The UPS Man Cometh

     Yesterday, the UPS man delivered a large box to my door. Yippee! Inside were two Lowery Workstands, one for me and one for a customer. If you're not familiar with this floorstand, you're missing out on an elegantly simple tool. I don't know why I waited so long to get one for myself.
     Here it is as assembled out of the box. There are three basic elements of the stand: the base, the post, and the arm.
     The attachments include the daisy dish, which is optional and can be used to hold needles, tacks, tape measure, M&Ms, whatever your small stitching essentials may be, and the clamp, in this case a side clamp. They also make a corner clamp that is useful with stretcher bars and QSnaps, perhaps even large hoops. I like the side clamp because it's good for any type of frame.
     The base of the stand allows for much flexibility in placement. It can slide under a chair and is especially nice if you like to sit in a recliner. I set it up in position by a recliner (not actually where I sit and stitch but good to illustrate).
    The Lowery is simple to transport and can be packed in a suitcase easily when traveling by bus, train, or plane. (I don't recommend putting it in a carry-on to go through security though.) Simply remove the attachments and separate the three basic elements, and you have a fairly flat, compact package.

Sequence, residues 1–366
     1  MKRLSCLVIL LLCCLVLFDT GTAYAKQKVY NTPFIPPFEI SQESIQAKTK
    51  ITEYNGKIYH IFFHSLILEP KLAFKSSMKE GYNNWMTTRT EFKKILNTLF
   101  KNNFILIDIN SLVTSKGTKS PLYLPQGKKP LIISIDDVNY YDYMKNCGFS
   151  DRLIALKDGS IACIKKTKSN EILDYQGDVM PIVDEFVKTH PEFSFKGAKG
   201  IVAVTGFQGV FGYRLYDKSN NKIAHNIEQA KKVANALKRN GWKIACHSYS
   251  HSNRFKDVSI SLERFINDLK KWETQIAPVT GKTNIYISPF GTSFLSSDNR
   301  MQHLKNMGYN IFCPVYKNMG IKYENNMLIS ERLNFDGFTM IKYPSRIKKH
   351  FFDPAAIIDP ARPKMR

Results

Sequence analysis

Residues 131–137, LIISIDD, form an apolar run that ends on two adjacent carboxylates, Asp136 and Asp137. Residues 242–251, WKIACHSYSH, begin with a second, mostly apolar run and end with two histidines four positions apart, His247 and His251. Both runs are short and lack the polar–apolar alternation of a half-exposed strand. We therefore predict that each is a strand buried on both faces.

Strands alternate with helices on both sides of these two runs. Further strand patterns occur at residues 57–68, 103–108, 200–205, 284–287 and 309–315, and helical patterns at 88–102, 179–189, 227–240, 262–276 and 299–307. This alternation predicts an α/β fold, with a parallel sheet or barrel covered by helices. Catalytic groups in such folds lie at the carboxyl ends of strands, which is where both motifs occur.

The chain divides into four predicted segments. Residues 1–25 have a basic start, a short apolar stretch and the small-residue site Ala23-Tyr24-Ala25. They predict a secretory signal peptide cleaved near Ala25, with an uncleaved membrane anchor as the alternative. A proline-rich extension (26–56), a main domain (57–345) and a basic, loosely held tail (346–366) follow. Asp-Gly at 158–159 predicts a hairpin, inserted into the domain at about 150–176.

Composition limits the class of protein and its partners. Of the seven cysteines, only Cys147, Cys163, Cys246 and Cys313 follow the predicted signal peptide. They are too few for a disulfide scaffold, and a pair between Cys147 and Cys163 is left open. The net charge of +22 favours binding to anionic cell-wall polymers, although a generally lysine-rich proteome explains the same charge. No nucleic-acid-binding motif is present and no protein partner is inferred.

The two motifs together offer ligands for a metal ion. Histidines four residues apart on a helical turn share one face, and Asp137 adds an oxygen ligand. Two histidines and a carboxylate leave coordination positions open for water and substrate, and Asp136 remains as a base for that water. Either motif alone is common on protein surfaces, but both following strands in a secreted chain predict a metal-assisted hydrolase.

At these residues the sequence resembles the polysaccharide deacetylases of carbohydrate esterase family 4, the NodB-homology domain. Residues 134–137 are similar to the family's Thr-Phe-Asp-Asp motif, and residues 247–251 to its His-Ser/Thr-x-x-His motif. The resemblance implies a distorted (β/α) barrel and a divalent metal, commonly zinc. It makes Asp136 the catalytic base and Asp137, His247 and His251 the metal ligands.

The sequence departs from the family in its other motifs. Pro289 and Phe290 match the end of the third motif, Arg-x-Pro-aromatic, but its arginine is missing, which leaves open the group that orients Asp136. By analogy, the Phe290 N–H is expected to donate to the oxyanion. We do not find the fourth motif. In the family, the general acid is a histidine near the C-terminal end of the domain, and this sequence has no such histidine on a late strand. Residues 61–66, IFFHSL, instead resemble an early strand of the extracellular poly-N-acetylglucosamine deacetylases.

I'm so excited about having my own stand at last. I really want to just sit and stitch for a while, but the office beckons me to get back in there and make it functional instead of a file warehouse.


  1. Have fun! I love my K's Metal floor stand. Note you might want to put a brick or a heavy book or something else on the metal floor plate if you don't put it under your chair leg. This is optional, of course, but can be useful when your piece of needlework is very large.

  2. The Lowery and K'a are very similar, as I recall, the primary difference being the method of holding attachments in place, right? Thanks for the note about putting a weight on the floor plate. I forgot about that in my excitement.

  3. Yes, the two brands look very similar except my tray is wooden with knobs to dangle skeins of thread from to tantalize the cat. The adjustment knobs and levers are different, too, but only in appearance, not in function. Either one is a very good choice!

  4. Hee! Yeah, I just bought myself another tinystand, since I was re-aggrivating my Cross Stitch Shoulder injury from 2001. (Yeah, I actually had to go to the ER - I'd locked my shoulder in place to hold my frame for an entire stitching retreat. Evidently, a shoulder waking up from that kind of abuse presents with symptoms that could also be 'heart attack' - thankfully, it was just Cross Stitch!)

    Glad you got a great stand for yourself!